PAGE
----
I knew something was a bit off when I awoke to a different sound. Instead of hearing the usual transitional music that proceeds the national news, I was hearing the local radio report. The clock said 6:00 AM. Hmm.
The next day I hurriedly ran up the stairs to wake up my son, fearing he was running late. My watch said 7:14 AM, but his clock read 7:00, the alarm going off as I entered the room. It seemed that it was only a couple of days ago the clock was accurate.
The mystery was solved when I heard, the following morning, the radio announcers commenting about the slow clocks that folks in Juneau were encountering as a result of reduced power being delivered to households. It reminded me that we need a reliable source to track time, such as our battery-operated wrist watches.
Are computers reliable timekeepers? Well, your cell phone is a good place to start. It is, in essence, a portable computer. It directly obtains its clock setting from the cellular service provider, and the provider's central server obtains it's setting from one of many atomic clocks spread throughout the world.
Your computer can actually work the same way. I say "can" because not everyone's computer has its clock set up the same way. Windows Vista implicitly expects to use an atomic clock. Windows XP usually does, but you need to double-check to be sure. With Windows XP there is a possibility that your computer's clock might be affected by inadequate power. I say "might" because computer clocks do not run directly from the AC power as the electronic clocks in your bedroom, microwave or stove, but from oscillating quartz crystals charged by coin cell batteries in the event there is either reduced or cut-off power. For this reason, your computer's clock is not as sensitive to power reduction.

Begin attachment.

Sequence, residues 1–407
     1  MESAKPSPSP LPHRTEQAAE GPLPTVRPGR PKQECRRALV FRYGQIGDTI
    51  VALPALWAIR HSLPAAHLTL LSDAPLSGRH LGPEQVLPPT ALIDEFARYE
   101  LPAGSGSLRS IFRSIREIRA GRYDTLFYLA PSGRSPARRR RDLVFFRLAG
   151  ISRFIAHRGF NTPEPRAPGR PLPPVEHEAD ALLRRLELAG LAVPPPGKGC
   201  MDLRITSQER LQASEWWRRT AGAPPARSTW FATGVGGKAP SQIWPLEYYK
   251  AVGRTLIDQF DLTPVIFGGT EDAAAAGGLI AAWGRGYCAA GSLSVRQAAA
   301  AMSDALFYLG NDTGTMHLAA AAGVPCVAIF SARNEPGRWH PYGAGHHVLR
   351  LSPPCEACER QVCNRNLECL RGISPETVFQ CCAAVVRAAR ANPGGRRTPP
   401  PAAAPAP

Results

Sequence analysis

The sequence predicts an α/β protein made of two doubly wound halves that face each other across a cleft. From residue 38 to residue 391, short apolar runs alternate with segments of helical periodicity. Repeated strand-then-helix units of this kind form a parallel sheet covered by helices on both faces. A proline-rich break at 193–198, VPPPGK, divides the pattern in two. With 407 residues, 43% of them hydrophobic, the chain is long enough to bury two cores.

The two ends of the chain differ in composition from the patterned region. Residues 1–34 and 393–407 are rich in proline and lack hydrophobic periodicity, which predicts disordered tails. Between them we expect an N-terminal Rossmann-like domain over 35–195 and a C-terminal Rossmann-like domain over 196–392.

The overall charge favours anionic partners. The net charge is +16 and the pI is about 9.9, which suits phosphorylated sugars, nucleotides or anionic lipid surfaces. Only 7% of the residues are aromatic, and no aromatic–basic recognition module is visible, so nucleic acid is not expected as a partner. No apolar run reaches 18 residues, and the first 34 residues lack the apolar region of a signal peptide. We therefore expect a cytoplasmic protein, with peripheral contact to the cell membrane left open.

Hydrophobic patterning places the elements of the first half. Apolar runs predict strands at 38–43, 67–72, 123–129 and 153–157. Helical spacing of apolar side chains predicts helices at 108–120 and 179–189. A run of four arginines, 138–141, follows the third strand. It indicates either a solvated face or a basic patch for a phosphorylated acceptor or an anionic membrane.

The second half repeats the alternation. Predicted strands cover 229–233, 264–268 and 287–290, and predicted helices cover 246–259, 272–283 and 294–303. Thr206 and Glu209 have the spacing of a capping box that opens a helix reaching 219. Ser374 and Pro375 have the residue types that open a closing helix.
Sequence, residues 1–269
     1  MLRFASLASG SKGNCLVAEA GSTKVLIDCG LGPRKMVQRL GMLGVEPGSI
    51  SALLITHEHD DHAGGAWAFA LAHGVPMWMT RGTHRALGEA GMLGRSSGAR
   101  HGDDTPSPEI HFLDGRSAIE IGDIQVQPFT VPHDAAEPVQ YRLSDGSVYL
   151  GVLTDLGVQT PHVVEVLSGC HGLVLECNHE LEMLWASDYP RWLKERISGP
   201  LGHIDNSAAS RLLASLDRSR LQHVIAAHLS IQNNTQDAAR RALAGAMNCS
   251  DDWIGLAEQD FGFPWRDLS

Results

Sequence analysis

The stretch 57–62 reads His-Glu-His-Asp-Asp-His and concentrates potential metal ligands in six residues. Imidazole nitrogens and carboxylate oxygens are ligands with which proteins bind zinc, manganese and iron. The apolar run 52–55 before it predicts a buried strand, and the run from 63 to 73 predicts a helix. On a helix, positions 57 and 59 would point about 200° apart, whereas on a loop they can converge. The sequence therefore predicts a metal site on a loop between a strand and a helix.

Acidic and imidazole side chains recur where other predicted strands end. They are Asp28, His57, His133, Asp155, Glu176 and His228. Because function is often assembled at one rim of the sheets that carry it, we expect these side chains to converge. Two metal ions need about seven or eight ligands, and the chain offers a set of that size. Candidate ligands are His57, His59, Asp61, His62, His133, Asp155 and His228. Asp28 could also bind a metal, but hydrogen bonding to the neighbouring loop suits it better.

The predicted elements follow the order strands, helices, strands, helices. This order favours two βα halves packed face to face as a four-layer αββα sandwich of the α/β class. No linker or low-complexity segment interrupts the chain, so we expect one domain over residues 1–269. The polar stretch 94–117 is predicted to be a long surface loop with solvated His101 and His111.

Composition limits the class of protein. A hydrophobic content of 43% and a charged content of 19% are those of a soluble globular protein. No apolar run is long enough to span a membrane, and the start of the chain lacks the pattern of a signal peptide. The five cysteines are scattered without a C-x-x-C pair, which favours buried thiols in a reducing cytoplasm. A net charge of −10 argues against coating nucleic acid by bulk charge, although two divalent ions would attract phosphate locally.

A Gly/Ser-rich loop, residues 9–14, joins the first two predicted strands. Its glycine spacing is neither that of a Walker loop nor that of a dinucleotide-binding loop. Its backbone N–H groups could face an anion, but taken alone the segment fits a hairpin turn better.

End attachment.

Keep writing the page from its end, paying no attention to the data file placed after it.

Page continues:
Because computers are almost always plugged in, they usually have a small trickle charge going through the system which keeps the clock accurate. However, a computer's internal clock can slow down if the coin-cell battery begins to die and the computer is unplugged from the wall outlet.
Windows Vista has considerably advanced from Windows XP when it comes to messing with clock settings, giving users more customizing features. For Windows XP, there is only one setting for all users.
In both operating systems, use "Date and Time" from the control panel to establish clock settings. Once there, you will notice that there is a place to establish "Internet Time." A pull-down list is provided, starting with Microsoft's own universal clock. Selecting one of these and applying the changed settings will synchronize your computer's clock to the central site. With "Internet Time" functioning, your clock is automatically updated each time the computer is connected to the Internet.
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